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Wealth Gaps Affect Women's, Kids' Health Care

China has made substantial progress in improving mother and child health but great disparities remain, experts said at a World Health Day ceremony on Thursday.

The theme of this year's World Health Day is, "Make every mother and child count."

China's efforts to improve health care for women and children are apparent in the marked drop in the maternal mortality rate (MMR), which plummeted from 15 per 1,000 in 1949 to 0.5 per 1,000 in 2003. In the same period, the infant mortality rate (IMR) fell from 200 to 25.5 per 1,000.

China now ranks 88th among 191 countries in these areas.

However, gaps between the eastern and western regions, between urban and rural areas and between the floating population and residents in cities remain. These gaps and the lack of easy access to medical services for the poor may affect China's efforts to meet its Millennium Development Goals, said Henk Bekedam, the World Health Organization representative in China.

According to the 2004 Child Development Report of China issued by the State Council's National Working Committee for Children and Women, 29 million poverty-stricken people lived in the countryside in 2003, most of them in western areas. The 2003 MMR in these areas was 5.8 times higher than in more developed eastern coastal areas, and the IMR 4.4 times higher.

In Shanghai, for example, the IMR has dropped to 0.1 per 1,000, almost as low as in developed countries, while in Tibet the rate is still 1 per 1,000.

The gap between rich and poor in the cities is wide as well.

"Two-thirds of maternal deaths in urban areas appear to be of migrant women, who account for only 10 percent of total pregnancies. And more than 75 percent of maternal deaths are preventable," Siri Tellier, the United Nations Population Fund (UNFPA) representative in China, pointed out.

She also warned that improvements may be slowing and there are worrying signs that the child mortality rate may be declining more slowly for girls than for boys.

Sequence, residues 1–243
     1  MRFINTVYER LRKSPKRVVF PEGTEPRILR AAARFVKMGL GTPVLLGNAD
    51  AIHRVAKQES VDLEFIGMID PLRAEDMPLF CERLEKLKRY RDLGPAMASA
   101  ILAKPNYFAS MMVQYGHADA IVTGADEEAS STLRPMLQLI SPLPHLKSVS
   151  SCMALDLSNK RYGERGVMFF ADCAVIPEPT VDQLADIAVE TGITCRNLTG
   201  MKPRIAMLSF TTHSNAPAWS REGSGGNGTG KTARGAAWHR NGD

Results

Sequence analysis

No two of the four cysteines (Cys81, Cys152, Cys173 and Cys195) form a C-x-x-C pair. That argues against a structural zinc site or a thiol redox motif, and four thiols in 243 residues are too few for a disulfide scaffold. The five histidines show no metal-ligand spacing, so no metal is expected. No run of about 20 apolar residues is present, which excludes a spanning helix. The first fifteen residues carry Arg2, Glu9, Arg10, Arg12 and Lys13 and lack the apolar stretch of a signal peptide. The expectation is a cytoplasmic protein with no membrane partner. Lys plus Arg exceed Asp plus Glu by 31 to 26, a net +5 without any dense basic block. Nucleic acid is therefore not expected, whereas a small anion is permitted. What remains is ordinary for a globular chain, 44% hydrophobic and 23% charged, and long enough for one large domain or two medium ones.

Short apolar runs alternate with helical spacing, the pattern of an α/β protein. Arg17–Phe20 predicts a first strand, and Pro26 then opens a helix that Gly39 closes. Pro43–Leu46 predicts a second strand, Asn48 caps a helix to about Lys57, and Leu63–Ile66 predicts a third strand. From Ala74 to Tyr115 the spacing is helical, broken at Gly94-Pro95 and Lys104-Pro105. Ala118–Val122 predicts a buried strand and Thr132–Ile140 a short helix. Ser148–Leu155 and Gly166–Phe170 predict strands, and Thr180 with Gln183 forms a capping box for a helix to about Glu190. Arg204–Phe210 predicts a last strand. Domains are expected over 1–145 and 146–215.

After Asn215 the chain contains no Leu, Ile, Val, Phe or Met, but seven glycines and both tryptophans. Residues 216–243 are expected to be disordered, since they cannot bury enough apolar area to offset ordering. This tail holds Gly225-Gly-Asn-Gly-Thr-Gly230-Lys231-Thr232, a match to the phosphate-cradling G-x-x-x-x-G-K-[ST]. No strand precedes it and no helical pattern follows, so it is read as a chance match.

Koenraad Vanormelingen, senior program officer for health with the United Nations Children's Fund (UNICEF), agreed. "Different indicators have shown remarkable declines, but changes are slowing down. Take IMR, for example. Little progress has been made in the past five years in poor regions."

All the experts urged the Chinese government to invest more money to ensure that everybody, especially those in poor, remote or ethnic minority regions, has access to medical services and knows how to make use of them.

In 2004, China spent 84.8 billion yuan (US$10.2 billion) on public health, but urban areas remain the biggest beneficiaries, Bekedam said. "China has incorporated market strategies very well, but health should not be made a market commodity."

The high cost of medical services has kept many of the poor from getting sound care. WHO figures indicate that 39 percent of China's rural population and 36 percent of its urban population in need of medical care do not have access to it for financial reasons.

"It's important for the government to think about what should be done in ten years' time and rethink where to focus its attention on health," said Bekedam.

To improve the health and safety of women and children in rural and western areas, the Ministry of Health (MOH) began a program in 2001 to offer medical care, purchase equipment, train personnel and set up a fund to help needy pregnant women. So far, 400 million yuan (US$48.0 million) has been invested in the program.

"The program covers 300 million people in 1,000 counties in all 23 provinces and regions in central and western China," said Yang Qing, director of the Department of Maternal, Pediatric and Community Health at the MOH.

But the money spent is far from enough to cover medical expenses of all rural families.

"The government needs to ensure a minimum package of medical services for those in need, for free or at subsidized rates," Vanormelingen said.

(Xinhua News Agency April 8, 2005)

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